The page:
Statement of Significance (as of designation - December 21, 1965):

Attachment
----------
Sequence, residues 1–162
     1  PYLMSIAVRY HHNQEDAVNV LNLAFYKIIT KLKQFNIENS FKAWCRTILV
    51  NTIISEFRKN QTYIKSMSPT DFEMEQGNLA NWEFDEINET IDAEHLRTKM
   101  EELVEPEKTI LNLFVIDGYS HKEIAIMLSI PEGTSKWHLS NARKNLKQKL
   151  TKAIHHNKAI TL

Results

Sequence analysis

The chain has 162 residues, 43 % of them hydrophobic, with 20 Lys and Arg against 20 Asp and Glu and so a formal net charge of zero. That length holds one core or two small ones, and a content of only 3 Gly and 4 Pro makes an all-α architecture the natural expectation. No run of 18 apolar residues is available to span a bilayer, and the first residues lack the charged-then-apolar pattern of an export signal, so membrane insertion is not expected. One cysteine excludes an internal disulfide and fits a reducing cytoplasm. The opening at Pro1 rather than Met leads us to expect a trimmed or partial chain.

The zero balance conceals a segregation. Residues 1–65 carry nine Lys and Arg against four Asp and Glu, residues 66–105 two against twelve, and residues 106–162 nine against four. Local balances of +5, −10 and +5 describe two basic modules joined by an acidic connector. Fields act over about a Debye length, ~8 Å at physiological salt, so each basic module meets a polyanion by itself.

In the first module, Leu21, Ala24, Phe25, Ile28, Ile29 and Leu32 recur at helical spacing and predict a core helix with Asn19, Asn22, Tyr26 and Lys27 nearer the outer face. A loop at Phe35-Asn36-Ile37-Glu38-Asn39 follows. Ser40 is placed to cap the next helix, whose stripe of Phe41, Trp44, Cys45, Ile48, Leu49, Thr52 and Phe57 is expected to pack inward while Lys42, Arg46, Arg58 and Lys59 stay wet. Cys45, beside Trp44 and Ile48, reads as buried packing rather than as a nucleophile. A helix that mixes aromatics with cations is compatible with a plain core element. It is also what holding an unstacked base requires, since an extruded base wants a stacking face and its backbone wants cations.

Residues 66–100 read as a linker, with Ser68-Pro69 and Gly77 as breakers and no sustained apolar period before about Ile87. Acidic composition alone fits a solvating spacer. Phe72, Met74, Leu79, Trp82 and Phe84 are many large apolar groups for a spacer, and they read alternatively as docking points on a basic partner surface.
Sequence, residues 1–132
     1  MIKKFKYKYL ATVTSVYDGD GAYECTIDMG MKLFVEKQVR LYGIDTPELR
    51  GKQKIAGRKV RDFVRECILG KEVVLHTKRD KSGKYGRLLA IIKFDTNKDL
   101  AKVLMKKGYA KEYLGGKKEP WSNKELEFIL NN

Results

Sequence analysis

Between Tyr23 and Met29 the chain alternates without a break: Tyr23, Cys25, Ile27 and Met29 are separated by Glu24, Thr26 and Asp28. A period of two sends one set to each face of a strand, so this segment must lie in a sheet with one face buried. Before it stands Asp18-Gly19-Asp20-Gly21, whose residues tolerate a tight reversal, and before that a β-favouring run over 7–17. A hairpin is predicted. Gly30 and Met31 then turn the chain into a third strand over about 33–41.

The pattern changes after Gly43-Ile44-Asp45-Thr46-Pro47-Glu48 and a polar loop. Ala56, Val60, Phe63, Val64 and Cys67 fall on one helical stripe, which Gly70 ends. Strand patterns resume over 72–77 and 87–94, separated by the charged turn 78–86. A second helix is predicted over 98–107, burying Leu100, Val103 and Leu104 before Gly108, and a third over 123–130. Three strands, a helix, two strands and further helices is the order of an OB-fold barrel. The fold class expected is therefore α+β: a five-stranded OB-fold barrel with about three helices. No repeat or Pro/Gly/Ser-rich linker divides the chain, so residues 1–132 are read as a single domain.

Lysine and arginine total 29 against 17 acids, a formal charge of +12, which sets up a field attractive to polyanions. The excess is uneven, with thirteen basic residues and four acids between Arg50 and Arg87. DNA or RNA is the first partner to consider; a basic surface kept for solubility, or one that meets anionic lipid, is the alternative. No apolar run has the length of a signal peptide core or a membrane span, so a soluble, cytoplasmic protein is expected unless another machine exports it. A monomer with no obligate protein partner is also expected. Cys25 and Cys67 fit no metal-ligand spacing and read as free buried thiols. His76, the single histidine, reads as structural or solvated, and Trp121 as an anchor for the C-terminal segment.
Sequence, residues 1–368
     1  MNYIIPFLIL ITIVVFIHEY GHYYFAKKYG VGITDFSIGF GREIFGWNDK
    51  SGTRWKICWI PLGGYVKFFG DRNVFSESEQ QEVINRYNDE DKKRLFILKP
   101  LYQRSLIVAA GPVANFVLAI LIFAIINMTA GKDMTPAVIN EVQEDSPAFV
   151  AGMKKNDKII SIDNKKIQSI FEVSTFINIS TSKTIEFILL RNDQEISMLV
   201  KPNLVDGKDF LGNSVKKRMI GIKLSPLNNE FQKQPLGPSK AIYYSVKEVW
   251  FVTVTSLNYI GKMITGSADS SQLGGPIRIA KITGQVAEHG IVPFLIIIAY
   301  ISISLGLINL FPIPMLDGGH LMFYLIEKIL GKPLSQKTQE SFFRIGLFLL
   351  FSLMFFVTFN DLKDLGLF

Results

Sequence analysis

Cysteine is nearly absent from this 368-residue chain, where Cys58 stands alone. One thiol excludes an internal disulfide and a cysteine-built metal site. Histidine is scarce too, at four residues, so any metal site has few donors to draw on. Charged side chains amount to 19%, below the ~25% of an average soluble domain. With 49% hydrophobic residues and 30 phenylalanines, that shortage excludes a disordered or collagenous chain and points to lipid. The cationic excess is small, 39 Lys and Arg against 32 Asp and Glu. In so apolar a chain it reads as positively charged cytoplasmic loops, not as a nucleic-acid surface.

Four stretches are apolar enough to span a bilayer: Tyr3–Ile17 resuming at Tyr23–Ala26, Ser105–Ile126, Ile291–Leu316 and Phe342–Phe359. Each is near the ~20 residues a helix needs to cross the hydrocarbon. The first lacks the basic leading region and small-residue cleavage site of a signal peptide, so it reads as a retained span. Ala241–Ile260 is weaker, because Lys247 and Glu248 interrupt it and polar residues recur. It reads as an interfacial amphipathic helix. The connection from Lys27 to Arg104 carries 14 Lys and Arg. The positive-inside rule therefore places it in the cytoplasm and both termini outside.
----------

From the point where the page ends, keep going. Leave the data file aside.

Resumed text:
Rembrandt Peale opened the first building in the United States designed and erected exclusively as a museum and art gallery on August 15, 1814. According to an early advertisement, its first-floor rooms displayed "birds, beasts...Indian Dresses...and Miscellaneous Curiosities," and the second floor gallery showed Peale's own works. Visitors had to pay an extra quarter to see two wax statues, "The Grecian Beauty" and "The Dream of Love." The museum, designed by Baltimore architect Robert Cary Long, Sr., resembles a three-story brick town house, but has a monumental frontispiece. It served as Baltimore's city hall from 1830 until 1875, and has been the city's municipal museum since 1931.